Be the voice they don’t have.

Parenting in my world is similar to that of some, but also very different from most. Raising multiple children with very different special health care challenges is a challenge within itself.

My world is very small and select. Meaning that I only feel comfortable and free when I’m within certain environments, with select people.

I think I speak for most other special needs parents, when I say, we are often misunderstood, sleep-deprived, full of compassion, overprotective, running on overdrive, and often found advocating for our children.

My life as a mom in my world, has consisted of many hospital stays, doctors appointments, sleepless nights, medication management, IEP & 504 meetings, therapy sessions for PT, OT, Speech, and counseling. None of these are what I envisioned my motherhood would be, however, it’s made my blinded eyes opened. It’s taken me down a path filled with unique experiences that I would not redo differently. It’s resulted in some of the most amazing stories of victory. It’s produced some of the most incredibly compassionate young people. And it’s given me a voice and purpose to inspire others. Last and most importantly, it has drawn me much closer to God than ever before.

I have a son with developmental delays who was born normal and healthy. His everyday life consists of the same routine. All the way from the food choices, to his choice of activities and tv shows.

I also have a son with bipolar disorder who graduated as an honor student and is currently attending a 4-year college. And I have a daughter who suffered from some mental health issues, and has juvenile myoclonic epilepsy but she is the most gifted, highly talented young artist and attended an art school. None of them fit the “stigmas” nor do they accept the “labels” that others attempt to put on them. And none of them have allowed their diagnoses or battles to stop them from moving forward in life. They each have very different journeys and yet they each share the same genetic makeup. Isn’t that something?!

What I would like others on the outside to know, is this. My children are just as human as the next person. They have a heart, brain, eyes, nose, limbs, and capabilities to share with the world just like anyone else. They also have flaws, shortcomings, emotions, behaviors and are still learning as they grow. My youngest might talk a little different, a little louder, walk with a limp, laugh when no one else is, rock back and forth while sitting, but he is who he is. And they are who they are.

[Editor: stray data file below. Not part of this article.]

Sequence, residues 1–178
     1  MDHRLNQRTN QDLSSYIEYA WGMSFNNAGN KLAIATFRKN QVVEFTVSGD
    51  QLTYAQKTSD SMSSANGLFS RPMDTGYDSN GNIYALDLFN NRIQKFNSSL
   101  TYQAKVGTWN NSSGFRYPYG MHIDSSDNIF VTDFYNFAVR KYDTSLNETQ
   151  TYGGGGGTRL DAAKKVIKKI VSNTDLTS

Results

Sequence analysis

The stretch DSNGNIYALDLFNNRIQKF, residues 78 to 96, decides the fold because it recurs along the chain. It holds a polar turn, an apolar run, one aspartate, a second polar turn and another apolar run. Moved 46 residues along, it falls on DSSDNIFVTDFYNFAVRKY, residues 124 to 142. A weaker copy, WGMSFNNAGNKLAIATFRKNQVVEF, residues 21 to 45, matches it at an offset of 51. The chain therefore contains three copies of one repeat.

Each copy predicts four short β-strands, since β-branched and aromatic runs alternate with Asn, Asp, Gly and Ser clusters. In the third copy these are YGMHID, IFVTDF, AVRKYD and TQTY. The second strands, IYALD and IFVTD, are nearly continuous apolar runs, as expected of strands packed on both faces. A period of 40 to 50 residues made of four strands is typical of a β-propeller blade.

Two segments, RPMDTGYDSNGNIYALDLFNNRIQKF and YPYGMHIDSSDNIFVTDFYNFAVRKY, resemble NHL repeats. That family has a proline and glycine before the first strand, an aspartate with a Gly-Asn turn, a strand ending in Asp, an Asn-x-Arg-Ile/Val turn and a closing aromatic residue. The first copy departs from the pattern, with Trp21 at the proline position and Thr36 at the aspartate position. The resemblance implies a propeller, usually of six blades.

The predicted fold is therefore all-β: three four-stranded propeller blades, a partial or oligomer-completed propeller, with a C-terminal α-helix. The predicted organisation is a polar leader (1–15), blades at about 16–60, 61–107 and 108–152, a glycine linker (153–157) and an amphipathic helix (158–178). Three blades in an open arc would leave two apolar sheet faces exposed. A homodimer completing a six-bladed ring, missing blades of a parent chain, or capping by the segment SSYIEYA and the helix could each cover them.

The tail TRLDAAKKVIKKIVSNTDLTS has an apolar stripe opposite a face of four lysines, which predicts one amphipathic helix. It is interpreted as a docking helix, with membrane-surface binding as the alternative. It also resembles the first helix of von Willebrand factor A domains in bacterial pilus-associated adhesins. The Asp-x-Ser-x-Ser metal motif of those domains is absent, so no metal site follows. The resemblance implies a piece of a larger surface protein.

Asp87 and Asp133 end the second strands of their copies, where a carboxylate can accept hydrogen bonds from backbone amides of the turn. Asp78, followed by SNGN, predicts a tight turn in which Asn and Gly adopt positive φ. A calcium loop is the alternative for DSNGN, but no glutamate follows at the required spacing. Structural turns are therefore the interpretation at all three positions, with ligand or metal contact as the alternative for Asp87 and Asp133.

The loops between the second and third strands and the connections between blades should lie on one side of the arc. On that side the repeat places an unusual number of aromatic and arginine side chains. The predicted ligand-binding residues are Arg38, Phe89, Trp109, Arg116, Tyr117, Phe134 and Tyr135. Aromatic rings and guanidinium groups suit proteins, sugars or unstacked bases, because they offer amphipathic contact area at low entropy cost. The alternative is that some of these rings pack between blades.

In my small world of comfort, I have gotten to meet some of the most fun-loving, energetic, compassionate people. And some of them are nonverbal, deaf, blind, wheelchair bound, with obvious “visible disabilities”. And some of them have been through mental health battles which are considered “invisible disabilities”. ALL of which are NOT a contagious disease, dumb, stupid, unintelligible, without feelings, crazy or any of the other stigmas or labels that ignorant people choose to use.

These people’s lives have been touched, impacted, marked, changed, inflicted upon by a health care challenge that is beyond their own control. They are living very different lives just like you and me. They are all battling something every single day. Each one with a unique story to tell. Each with a very different journey and outcome. Each one deserves just as much respect, honor, love and compassion as anyone else who doesn’t have to live with any health challenges.

Some of us should take a moment and get to know the person instead of allowing stigmas and false representations to taint our insight, causing us to draw away from becoming better acquainted and informed of real life experiences.

End the stigmas. Stand with me against the negativity and harmful words and misrepresentation for mental health disorders and individuals with special health care challenges.

“Be the voice they don’t have” – Erika Brooks

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4 thoughts on “Be the voice they don’t have.

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  1. I worked at a nonprofit called Citizen Advocates, recruiting community members to become advocates for people who had developmental disabilities and no one (unpaid) to advocate for them. “It only matters when it is you,” is an expression I learned early on, because we tend to see life through our own lens. Until a condition/illness/situation affects our personal lives, we are unlikely to take an interest. Your voice is clear and strong–you are a gift to your family and to society. Keep telling your story.


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